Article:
Nobody should have to replace their wheels because wear from braking. I’m glad to see Shimano and Sram offer this solution to a very existent problem with road and ‘cross bikes.

  18. Even though I have no personal love for CX, ‘crossers everywhere must be rejoicing — cantilever brakes are horrible.

    I’m also guessing most who are hating on road disc are not also MTB riders. The benefits of disc in terms of modulation have been clear in MTB for years. This — not power — is the huge coup for road disc. I understand that most think there’s no problem with road calipers modulation — I wouldn’t either if I didn’t ride MTB discs. Hell, even the linear pull mini-V style brakes on my current aero road frame have ruined me on road caliper brakes. I never knew how herky-jerky my road calipers felt until I rode something different.

    Open your minds, and don’t knock it till you’ve tried it….

  19. @Ryan and @RM ahh yes, But Sram/rockshox/avid NEVER EVER needs recalls, cos their products are always perfect… …. Or they just make like an ostrich and chuck their heads in the sand.

  20. @Parker

    That’s a good thing, most cyclists on the internet will tell you they are already too fast as it is.

    Also, I don’t see how recent advances in cycling tech have made anything worse. You can still get retrogrouch stuff pretty easily if you want, unless you split the difference and want new tech Campy 7-speed shifters or something like that.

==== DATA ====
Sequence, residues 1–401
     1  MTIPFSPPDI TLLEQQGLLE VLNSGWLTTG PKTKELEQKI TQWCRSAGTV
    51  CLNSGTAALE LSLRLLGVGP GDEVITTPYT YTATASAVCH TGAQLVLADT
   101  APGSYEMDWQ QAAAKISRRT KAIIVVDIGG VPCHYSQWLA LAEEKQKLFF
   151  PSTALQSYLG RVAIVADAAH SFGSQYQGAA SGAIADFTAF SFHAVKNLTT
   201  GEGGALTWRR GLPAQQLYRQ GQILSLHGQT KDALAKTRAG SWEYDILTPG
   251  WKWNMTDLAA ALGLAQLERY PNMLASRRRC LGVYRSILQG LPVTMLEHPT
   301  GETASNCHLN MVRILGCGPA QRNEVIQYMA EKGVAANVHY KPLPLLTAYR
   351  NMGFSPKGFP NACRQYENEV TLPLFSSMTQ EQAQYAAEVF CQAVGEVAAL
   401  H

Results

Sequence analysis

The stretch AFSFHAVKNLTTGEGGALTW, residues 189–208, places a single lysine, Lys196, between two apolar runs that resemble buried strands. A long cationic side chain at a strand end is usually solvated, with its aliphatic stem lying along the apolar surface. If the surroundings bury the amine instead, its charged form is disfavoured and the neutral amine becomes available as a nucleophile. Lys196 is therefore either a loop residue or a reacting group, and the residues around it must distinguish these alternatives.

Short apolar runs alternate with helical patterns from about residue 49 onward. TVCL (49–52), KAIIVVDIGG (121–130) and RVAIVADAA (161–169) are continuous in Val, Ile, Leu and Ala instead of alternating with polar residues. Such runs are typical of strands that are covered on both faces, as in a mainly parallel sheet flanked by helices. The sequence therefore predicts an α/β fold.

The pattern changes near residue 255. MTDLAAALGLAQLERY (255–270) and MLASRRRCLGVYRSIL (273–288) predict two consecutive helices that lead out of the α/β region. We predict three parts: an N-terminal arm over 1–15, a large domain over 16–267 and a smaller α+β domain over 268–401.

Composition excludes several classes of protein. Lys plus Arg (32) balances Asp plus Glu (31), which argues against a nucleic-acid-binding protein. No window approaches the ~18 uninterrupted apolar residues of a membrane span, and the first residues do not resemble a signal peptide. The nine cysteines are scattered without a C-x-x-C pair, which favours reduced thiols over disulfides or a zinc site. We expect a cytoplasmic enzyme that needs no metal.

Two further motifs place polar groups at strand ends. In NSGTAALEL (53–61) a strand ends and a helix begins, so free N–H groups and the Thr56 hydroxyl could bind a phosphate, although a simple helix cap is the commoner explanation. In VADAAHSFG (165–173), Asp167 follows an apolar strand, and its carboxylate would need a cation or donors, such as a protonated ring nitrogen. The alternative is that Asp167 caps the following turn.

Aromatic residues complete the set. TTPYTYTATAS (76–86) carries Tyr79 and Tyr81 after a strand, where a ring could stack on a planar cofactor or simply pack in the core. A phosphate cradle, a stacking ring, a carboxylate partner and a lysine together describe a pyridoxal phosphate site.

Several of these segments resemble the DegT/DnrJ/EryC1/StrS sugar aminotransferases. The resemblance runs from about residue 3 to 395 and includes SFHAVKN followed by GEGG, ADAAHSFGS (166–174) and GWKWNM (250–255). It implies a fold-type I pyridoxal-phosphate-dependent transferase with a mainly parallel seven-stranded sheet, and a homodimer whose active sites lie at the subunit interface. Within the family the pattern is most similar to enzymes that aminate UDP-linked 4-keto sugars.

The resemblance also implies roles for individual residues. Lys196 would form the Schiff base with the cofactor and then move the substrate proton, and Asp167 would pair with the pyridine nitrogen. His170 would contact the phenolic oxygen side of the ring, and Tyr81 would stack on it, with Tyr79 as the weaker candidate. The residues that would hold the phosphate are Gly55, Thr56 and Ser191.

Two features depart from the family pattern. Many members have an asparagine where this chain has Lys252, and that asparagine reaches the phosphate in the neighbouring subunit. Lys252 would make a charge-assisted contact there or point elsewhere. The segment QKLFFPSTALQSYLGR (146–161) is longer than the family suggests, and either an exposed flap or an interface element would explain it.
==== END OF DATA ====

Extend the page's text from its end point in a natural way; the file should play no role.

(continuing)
Also also, for the last X years, I have never heard any road disc supporter say ‘It’s because I need more power’. Yet someone always comes out of the woodwork to complain ‘Whaddaya need more power for?’

  21. just wondering, but why the hose need to run on the inside of the caliper for a road bike. Its covered by the chain stay back there and makes that banjo bolt way easier to set up in tight chainstays.

    in other news, what can you tell me about those shimano branded wheels on that colnago whip?

  22. Wow, struck a soft spot there lol

    My Shimano Mechanicals have been nothing but poor in the performance department on my roubaix and their customer service on the replacement/recall has been shit. They are usually great, but they dropped the ball on this one.

  23. Shimano needs to put more focus on internal hubs. If they focused the amount of attention on that as they do on normal components, internal hubs would be the shit..

  24. Sitting on the fence re: carbon wheels. Discs solve the rim-braking problem. Can’t wait till these descend from the esoterica/”and-up” firmament to the “popularly priced” categories.

    Don’t want hydros on your bike? Don’t have them. Simple.

  25. If it takes anything to convince people who are fervently against the idea of hydraulic disc brakes on road bikes, just ride a MTB with quality V-brakes such as an XTR and another with quality hydro discs such as XTR. In the wet as well as in the dry.